Idaho State University receives Technology Incentive Grants to fund MBA outreach program, virtual program for clinical instruction
Posted September 1, 2010
The Idaho State Board of Education has awarded an $81,000 Technology Incentive Grant titled "Technology Enhanced Business Education" to the Idaho State University College of Business and a $65,700 TIG grant titled "Growing Your Own: Developing a Virtual Classroom for Clinical Instruction in Rural Idaho."
Additional details on the two grants follow.
• "Technology Enhanced Business Education." The primary objective of this project is to increase student access to core business classes, including those needed by beginning Master of Business Administration students, in order to support economic development and workforce training for potential students throughout east Idaho.
This project will utilize an array of innovative technologies, including Web conferencing, on-demand video recordings, and asynchronous technologies in business "core" courses to make them accessible to students in underserved areas.
The principal investigator is Joanne Tokle, Idaho State University College of Business MBA program faculty director.
"We are expanding the number of classes we offer online to help people who have scheduling issues," Tokle said. "And we want to incorporate better technologies for all of our online classes. Eventually, we want to get all of our core classes online, and this grant helps us take a major step toward that goal."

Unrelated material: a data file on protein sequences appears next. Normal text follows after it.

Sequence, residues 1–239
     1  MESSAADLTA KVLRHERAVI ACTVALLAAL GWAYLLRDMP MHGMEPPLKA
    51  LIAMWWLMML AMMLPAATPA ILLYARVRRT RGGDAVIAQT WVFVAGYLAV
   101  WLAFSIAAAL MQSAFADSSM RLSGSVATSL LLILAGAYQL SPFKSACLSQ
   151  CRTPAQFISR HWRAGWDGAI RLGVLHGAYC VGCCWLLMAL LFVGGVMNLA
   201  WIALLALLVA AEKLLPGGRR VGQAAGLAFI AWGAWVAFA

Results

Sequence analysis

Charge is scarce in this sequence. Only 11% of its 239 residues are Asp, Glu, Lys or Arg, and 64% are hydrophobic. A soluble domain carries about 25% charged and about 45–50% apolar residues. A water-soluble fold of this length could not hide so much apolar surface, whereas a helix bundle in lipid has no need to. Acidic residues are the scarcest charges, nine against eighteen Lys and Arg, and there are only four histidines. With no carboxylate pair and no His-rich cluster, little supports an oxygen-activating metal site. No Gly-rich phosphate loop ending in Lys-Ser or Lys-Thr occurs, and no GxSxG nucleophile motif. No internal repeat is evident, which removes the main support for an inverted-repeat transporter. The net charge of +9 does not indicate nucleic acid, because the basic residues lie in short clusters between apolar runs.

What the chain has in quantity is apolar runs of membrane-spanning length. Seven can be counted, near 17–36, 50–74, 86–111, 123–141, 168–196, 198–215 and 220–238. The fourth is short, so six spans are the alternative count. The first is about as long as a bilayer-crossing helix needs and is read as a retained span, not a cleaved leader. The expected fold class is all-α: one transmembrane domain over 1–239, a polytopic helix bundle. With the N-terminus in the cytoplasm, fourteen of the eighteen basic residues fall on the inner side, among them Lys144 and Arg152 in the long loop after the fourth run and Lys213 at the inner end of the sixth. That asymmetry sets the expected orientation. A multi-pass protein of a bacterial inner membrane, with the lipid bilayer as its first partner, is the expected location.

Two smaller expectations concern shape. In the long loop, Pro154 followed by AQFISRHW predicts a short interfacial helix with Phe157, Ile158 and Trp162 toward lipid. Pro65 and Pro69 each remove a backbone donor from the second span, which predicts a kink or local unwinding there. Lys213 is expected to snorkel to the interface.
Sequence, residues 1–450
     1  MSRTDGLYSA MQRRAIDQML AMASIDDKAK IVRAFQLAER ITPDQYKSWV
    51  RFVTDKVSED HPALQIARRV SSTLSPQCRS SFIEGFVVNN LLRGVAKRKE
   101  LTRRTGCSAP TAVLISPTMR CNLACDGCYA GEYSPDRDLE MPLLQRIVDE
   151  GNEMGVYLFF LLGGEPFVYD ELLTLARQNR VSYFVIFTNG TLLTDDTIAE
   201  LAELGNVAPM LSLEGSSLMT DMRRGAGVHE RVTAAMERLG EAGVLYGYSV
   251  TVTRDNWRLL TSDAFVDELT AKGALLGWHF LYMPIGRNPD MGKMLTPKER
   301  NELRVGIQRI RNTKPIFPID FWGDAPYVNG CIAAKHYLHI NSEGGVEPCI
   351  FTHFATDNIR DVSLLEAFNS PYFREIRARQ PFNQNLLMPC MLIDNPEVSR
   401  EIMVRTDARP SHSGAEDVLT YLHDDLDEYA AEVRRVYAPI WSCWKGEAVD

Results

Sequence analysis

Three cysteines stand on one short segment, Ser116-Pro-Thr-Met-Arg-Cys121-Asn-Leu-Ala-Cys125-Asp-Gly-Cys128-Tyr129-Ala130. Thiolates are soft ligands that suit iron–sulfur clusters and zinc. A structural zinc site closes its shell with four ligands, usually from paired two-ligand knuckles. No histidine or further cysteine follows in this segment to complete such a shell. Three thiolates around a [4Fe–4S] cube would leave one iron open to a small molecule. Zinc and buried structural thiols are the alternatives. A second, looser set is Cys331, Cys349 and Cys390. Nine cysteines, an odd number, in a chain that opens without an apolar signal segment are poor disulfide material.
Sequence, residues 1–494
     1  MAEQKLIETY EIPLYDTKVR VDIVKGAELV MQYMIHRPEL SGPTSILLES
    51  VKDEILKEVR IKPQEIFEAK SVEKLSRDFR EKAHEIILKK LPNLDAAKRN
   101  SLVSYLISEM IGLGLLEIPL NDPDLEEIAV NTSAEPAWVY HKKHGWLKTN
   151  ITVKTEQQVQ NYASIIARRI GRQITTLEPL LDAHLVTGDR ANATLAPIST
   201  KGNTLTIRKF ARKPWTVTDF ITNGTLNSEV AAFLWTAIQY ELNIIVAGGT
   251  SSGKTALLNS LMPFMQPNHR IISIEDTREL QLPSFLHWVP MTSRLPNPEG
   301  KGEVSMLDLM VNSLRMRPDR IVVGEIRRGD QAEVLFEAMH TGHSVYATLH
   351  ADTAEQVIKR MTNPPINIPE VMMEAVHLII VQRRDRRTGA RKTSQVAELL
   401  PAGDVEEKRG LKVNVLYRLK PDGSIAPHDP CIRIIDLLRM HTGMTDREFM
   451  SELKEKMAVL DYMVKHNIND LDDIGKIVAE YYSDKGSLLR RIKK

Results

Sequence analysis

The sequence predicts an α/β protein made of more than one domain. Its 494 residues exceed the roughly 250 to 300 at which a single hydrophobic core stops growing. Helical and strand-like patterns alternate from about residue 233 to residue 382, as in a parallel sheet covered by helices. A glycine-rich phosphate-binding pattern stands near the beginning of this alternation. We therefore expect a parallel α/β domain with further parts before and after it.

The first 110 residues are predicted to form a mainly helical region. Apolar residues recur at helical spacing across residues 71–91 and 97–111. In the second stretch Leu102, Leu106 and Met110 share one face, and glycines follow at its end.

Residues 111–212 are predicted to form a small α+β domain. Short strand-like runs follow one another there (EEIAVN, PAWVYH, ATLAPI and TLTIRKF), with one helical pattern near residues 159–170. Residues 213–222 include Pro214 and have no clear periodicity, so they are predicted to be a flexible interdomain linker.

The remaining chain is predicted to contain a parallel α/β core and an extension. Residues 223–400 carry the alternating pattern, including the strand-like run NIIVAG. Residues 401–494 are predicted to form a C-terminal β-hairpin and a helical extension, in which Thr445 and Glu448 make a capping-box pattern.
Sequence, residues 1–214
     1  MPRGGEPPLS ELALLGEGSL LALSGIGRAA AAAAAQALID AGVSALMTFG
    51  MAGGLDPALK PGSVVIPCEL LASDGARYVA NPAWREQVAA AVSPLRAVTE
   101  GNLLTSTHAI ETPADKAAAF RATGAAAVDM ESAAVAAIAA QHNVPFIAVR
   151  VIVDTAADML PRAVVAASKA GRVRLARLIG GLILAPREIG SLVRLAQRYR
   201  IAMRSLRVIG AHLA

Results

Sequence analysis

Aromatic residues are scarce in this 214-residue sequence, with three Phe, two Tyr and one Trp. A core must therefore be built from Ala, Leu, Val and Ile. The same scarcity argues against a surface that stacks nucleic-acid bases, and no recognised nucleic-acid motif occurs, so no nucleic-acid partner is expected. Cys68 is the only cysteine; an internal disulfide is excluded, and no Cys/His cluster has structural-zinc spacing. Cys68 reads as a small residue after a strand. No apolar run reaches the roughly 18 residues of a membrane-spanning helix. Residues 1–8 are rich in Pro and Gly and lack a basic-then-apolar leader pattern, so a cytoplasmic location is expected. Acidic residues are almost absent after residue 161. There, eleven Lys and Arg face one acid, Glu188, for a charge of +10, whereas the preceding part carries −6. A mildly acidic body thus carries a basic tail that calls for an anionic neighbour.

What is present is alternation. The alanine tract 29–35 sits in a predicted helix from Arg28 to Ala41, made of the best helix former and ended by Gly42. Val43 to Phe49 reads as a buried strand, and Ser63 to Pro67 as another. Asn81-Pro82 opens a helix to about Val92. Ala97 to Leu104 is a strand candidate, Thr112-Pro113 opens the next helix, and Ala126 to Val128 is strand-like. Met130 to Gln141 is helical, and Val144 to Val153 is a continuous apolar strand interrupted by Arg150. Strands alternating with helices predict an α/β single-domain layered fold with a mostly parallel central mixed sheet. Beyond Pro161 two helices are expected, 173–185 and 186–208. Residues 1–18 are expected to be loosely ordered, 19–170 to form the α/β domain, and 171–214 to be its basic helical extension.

The ISU College of Business plans to increase its online offerings from five classes to 10 classes.
Offering online classes is a great benefit for people with busy schedules or for people living in outlying areas such as Soda Springs or Burley," Tokle said. "Students in outlying areas don’t have to drive here to Pocatello, and with web conferencing and other asynchronous interaction it improves the quality of the classes for the students."
For more information on these online classes or the ISU MBA program, contact Tokle at (208) 282-2934
• "Growing Your Own: Developing a Virtual Classroom for Clinical Instruction in Rural Idaho." The principal investigators are Kathleen Kangas, chair of the ISU Department of Communication Sciences and Disorders and Ramesh Ramloll, research assistant for the ISU Institute of Rural Health.
This proposal provides a critical element to the clinical instruction of speech-language pathologists in rural Idaho, specifically, development of a virtual classroom for use in the online master’s degree program.
Virtual reality training is an established method of providing direct interactive experience for individuals at remote geographic sites. Under this project students will be directly supervised by speech-language pathologists in the field at their geographical sites. They will receive on-site, intense clinical instruction from an ISU-based clinical faculty member who meets weekly with each student to discuss cases, view their clinical videos, and provide clinical process instruction.
Through the virtual environment, individuals can interact with each other in pairs or groups by means of avatars. The virtual classroom will enable significantly greater interaction, including presentation of clinical videos, formal presentations by faculty or students and group discussions, erasing the very real gap between rural and urban settings.
This project funds development of a replicable virtual classroom, providing a model for expansion of this classroom to other virtual educational settings at ISU.
The Idaho State Board awarded a third TIG to ISU for the 2010-11 that was for $135,700 and was titled "Education Modules Using Virtual Museum and Collections for K-12 and University Instruction in Idaho History and Culture." That grant was the subject of another ISU release posted online at http://www2.isu.edu/headlines/?p=2707.